IG: GSA contractors get system access before background checks
- By Matthew Weigelt
- Oct 30, 2007
General Services Administration officials compromised confidential information when they failed to perform background checks on contractors before giving them access to the agency’s information systems, according to GSA’s inspector general.
The IG found that agency officials granted 25 contractors access to one system without performing background investigations, even though the contract for the work required them. In addition, two other contractor-run systems allowed temporary access but didn’t request checks on the workers, according to a Sept. 17 IG report recently posted online.
“Background investigations remain an oversight challenge,” the report states.
Casey Coleman, the agency’s chief information officer, said GSA signed an agreement with the Homeland Security Department to speed the process of conducting background checks on contractors.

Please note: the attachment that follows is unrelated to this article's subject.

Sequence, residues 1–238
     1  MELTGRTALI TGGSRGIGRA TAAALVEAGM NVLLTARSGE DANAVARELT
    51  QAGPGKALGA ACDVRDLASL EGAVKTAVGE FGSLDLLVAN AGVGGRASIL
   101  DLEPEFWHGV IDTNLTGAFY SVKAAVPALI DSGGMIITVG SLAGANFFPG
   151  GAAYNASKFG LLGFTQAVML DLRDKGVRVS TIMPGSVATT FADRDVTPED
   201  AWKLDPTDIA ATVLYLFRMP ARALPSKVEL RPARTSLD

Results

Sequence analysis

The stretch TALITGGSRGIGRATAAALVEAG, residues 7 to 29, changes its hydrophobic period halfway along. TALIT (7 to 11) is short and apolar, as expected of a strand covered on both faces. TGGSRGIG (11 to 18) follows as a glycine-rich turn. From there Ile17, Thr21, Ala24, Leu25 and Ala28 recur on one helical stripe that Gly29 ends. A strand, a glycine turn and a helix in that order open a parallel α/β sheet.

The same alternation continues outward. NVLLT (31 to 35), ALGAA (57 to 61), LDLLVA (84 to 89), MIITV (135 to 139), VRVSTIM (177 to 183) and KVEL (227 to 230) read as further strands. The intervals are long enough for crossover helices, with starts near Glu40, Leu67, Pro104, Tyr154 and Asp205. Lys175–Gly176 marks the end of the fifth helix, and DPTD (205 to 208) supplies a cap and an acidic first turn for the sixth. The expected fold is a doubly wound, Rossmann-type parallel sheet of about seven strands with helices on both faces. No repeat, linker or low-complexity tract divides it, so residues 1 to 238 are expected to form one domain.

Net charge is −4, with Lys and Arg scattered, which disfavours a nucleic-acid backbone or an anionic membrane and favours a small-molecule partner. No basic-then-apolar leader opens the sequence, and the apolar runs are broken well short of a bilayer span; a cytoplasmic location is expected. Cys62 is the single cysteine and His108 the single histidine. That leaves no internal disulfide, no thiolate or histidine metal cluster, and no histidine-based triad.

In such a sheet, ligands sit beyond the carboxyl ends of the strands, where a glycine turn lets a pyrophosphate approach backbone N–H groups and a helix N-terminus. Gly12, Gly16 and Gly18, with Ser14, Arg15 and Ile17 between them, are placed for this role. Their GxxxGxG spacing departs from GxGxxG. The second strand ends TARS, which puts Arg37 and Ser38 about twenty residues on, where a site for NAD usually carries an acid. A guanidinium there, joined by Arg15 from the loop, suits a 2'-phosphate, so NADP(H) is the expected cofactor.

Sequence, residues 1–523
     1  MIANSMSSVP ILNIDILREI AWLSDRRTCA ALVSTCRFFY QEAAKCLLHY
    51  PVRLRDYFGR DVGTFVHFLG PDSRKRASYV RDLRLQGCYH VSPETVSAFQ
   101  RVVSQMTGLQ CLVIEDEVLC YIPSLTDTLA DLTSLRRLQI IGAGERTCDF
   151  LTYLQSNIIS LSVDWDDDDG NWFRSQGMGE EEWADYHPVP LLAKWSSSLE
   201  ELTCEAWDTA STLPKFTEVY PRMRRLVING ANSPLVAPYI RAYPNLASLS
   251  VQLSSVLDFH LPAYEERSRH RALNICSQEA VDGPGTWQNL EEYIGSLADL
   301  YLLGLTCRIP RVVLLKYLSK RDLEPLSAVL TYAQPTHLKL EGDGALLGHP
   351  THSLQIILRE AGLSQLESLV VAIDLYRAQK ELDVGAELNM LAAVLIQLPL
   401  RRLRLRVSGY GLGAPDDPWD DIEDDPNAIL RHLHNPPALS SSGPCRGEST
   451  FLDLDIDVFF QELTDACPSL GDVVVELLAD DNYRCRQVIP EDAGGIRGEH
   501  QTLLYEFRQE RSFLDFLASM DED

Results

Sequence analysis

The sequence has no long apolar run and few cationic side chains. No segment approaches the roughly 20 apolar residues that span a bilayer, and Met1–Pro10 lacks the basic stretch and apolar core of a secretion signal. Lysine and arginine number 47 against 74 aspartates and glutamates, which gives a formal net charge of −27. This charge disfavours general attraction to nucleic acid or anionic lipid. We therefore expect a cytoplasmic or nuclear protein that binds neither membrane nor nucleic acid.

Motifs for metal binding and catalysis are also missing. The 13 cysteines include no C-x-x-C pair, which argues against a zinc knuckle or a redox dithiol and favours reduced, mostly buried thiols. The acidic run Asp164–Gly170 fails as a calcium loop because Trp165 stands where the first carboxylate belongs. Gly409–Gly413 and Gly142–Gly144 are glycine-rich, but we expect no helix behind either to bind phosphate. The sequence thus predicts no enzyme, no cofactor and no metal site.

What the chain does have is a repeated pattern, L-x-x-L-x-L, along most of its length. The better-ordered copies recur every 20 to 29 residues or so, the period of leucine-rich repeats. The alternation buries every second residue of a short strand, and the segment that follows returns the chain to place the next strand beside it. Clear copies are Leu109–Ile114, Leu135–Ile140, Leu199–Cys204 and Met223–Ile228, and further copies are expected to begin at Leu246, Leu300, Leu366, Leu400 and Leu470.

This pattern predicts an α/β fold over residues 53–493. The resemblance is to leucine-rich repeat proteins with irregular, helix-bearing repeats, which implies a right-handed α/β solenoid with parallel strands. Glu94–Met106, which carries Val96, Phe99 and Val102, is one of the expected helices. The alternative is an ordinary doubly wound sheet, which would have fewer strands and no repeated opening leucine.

However, the IG said GSA has no procedures in place to ensure that managers complete the background investigations.
In its audit, the IG said current safeguards do not guarantee that officials will complete investigations before granting access to agencies’ information systems. Even security measures mandated by Homeland Security Presidential Directive 12, which requires credentials for all federal employees and government contractors after they have undergone a background check, does not offer that protection.
“The lack of background investigations being completed for contractors is also a recurring weakness,” the report states.
The IG recommends that GSA officials find ways to measure whether managers are conducting the background checks that the task orders require.
GSA officials missed other flaws in the agency’s information systems, the report adds. The IG found unsecured Web applications, databases and operating systems and said the gaps have compromised confidential information.
Coleman said GSA continues to focus on securing its systems. She said the agency completed its latest round of checks on more than 2,100 servers in September and found that 97.5 percent had no high-risk vulnerabilities. Moreover, GSA earned an A on the Federal Information Security Management Act score card for 2006.
Dave Marin, staff director for the Republicans on the House Oversight and Government Reform Committee, said all agencies face similar challenges in guarding their systems against intrusions.
Matthew Weigelt is a freelance journalist who writes about acquisition and procurement.